And while I'm not sure why he failed to recover his pivotal fourth-quarter fumble, I do know that he typically does not shy away from contact. Maybe there's something to his reference to "the way [his] leg was" when answering a question about the play on Tuesday. Whatever the reason for the way that play went down, I do not doubt his toughness.

Going back to his college days, Newton has a history of learning and improving, and I expect he'll stay on that track.

3) He should continue to be a locker-room leader.

One loss will not cause the Panthers to give up on Newton. Consider the way his teammates have rallied around him. Veteran center Ryan Kalil called accusations that Newton quit on Carolina "absolute garbage." ("Cam's not the quitting type. ... That's not who he is," Kalil said.) When a statement like that is coming from someone like Kalil, that's big. Tight end Greg Olsen and coach Ron Rivera also spoke up for Newton, while some other teammates even went so far as to cheer him on while he spoke to the media on Tuesday. Newton is a hard worker -- he has been since his days at Auburn -- and I'm sure his position will be reinforced when his teammates see him working out in the offseason.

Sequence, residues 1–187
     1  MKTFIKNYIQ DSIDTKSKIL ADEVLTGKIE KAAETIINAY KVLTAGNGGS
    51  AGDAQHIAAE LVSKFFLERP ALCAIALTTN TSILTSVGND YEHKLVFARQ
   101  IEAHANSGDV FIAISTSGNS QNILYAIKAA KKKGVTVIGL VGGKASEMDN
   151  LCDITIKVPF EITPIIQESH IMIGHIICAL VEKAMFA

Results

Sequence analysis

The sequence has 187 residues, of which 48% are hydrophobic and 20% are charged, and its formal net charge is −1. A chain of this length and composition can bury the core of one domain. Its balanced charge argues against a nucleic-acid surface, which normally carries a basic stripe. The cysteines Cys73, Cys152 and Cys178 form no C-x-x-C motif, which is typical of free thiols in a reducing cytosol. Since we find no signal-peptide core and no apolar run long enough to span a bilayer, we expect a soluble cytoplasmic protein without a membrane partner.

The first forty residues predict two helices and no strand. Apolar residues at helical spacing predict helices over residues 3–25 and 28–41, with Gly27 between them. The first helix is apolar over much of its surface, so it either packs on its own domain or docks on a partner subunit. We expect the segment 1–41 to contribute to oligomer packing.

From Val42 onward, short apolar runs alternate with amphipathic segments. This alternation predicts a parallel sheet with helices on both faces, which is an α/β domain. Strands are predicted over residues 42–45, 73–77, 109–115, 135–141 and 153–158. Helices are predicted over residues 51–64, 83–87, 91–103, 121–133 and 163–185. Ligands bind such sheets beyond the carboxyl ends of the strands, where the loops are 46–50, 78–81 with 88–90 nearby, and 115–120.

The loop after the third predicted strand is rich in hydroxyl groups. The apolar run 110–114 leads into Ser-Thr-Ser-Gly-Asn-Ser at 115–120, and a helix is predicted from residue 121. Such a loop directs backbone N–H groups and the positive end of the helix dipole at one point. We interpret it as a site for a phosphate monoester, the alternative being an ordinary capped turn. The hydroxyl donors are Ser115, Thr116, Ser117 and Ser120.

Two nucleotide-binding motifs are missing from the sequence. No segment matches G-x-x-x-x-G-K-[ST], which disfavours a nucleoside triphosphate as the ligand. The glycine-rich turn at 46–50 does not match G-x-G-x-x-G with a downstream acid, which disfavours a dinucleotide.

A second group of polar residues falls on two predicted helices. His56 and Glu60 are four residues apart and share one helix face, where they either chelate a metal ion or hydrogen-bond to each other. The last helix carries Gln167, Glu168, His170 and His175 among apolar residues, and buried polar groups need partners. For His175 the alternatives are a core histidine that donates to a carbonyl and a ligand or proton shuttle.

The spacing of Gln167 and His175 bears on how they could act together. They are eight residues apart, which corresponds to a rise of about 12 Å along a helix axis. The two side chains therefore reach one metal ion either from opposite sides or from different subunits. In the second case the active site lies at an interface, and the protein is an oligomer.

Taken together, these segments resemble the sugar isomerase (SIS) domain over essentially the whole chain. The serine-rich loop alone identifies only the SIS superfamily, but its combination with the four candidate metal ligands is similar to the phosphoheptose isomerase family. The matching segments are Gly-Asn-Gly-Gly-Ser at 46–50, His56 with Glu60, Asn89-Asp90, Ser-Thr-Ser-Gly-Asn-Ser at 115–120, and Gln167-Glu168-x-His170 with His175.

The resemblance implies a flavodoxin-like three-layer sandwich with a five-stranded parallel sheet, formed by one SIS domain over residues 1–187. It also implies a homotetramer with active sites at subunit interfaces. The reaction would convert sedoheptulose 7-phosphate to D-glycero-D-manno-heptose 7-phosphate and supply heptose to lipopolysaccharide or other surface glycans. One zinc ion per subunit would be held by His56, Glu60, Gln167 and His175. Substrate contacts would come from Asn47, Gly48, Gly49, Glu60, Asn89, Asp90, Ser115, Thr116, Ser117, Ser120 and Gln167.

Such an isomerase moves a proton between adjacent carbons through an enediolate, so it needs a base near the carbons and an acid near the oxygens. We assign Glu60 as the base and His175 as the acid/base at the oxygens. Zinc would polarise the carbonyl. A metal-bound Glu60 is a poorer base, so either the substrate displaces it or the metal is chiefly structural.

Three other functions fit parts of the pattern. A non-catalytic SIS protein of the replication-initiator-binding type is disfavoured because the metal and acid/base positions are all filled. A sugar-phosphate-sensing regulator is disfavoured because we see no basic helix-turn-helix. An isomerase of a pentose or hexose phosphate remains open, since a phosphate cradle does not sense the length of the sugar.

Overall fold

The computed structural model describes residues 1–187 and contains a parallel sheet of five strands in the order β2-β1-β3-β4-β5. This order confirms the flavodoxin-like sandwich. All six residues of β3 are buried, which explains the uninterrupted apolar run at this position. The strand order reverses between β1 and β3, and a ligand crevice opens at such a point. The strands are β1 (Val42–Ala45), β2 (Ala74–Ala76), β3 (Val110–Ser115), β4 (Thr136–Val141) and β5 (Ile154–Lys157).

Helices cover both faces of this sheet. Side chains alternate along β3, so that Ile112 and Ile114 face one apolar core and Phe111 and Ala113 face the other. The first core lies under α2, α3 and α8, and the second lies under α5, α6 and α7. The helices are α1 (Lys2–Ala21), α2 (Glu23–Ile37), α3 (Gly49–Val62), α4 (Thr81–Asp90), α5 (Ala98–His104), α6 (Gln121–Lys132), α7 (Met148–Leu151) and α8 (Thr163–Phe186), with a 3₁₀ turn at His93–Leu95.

Newton's clamped-down appearance in the postgame press conference Sunday disappointed me, regardless of what he might have heard Harris saying, and I hope he'll show more courtesy should he find himself in a similar situation in the future. But I also know how disappointing it is to lose when you're expecting to win. It's hard to act the way you should when you lose. I was with the Dallas Cowboys when we lost Super Bowl V to the Baltimore Colts in frustrating fashion, and I saw Hall of Famer Bob Lilly throw his helmet about 45 yards downfield in disgust after the game.

I also don't think Newton's much-discussed postgame conduct will have any effect on his teammates or how they perceive him. The outside talk and criticism will have zero bearing on his standing on the field or in the Panthers' locker room.

4) His receiving corps will be better.

Newton thrived in 2015 without No. 1 receiver Kelvin Benjamin, who missed the entire season with a torn ACL. Imagine how good he'll be in 2016 when Benjamin returns. Benjamin's a big, tall guy who runs fast and represents a massive upgrade to the pass-catching group. Devin Funchess, who had a serviceable rookie season, should improve in his second season; he'll start to be a route runner instead of just a big target. Ted Ginn Jr. and Philly Brown should only gel with Newton further after another offseason of work. Simply put, adding Benjamin -- who would have changed Super Bowl 50 dramatically -- to this unit will only boost Newton's performance in 2016.

5) The coaching staff will return intact.

Don't overlook the benefits of continued stability. The 2016 season will be Newton's sixth working with Rivera and offensive coordinator Mike Shula (who served as his position coach in 2011 and '12 before being promoted). The Panthers' system suits Newton, who should continue to grow as he gains even more experience within it.

Follow Gil Brandt on Twitter @Gil_Brandt.